Congress recently signed two bills addressing and preventing crimes against Native Americans. The first bill, Savannah’s Act requires the Department of Justice to review, revise, and develop law enforcement and justice protocols addressing missing or murdered Indigenous natives.
The DOJ will train law enforcement agencies to record tribal enrollment for victims in databases, report statistics on missing and murdered natives, they will develop regional guidelines on how to respond to cases of missing and murdered natives, and will develop and implement a strategy to educate the public on the National Missing and Unidentified Persons System.
The second bill, the Not Invisible Act of 2020 will increase efforts to reduce violence against Indian land and its people. The Department of Interior will partner with an official from the Bureau of Indian Affairs to develop prevention efforts, grants, and programs related to the missing, murdered, and trafficked native peoples.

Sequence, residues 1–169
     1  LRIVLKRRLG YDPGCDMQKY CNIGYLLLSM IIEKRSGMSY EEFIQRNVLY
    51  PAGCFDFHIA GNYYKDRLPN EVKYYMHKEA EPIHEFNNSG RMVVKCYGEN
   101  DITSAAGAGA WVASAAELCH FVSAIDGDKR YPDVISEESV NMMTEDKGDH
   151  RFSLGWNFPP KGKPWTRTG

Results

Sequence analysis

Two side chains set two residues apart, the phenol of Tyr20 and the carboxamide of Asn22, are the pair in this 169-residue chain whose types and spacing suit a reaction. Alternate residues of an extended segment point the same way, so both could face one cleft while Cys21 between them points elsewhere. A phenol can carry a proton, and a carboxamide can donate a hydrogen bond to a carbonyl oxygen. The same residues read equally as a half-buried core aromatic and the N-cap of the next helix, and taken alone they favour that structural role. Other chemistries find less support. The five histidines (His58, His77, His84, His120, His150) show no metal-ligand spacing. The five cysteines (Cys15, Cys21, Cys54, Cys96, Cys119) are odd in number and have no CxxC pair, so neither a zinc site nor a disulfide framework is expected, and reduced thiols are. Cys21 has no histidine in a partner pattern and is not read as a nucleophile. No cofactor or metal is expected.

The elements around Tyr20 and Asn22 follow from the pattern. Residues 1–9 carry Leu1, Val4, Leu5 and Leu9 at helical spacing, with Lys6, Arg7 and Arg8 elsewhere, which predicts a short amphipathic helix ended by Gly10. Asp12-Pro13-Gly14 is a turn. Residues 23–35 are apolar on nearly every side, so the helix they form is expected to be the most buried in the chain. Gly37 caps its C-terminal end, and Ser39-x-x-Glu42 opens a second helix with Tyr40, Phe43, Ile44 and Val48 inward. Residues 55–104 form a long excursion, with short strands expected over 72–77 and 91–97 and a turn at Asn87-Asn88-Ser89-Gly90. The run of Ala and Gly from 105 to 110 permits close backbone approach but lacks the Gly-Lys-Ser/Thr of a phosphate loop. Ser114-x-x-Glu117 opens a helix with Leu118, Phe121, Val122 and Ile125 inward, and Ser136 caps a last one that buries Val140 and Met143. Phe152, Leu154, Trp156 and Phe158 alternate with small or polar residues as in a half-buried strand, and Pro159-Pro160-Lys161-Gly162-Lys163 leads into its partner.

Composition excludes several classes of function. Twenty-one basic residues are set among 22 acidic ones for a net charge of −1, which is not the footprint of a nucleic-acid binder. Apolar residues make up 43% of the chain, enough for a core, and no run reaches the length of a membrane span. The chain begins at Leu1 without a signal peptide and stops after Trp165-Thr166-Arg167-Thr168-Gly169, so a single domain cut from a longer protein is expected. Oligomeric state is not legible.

The DOI and the DOJ will work together to establish a joint commission on violent crimes on Indian lands and against natives, as well as submit a written response to the recommendations developed by the joint commission.
Both bills will now be sent to the President to sign.
The Realist Woman’s take:
These bills work to address and act on the utter neglect of our native people, especially native women. Creating a database for the missing and murdered and mandating joint commissions to prevent and reduce violence on native lands and on native people is a start but so much more needs to be done. The steps being taken now to help Native Americans can ever rectify what’s been done to our native people, but I’m pleased that we are making an effort to know the names of those missing and murdered. Who they were matters. And preventing future crimes against them matters.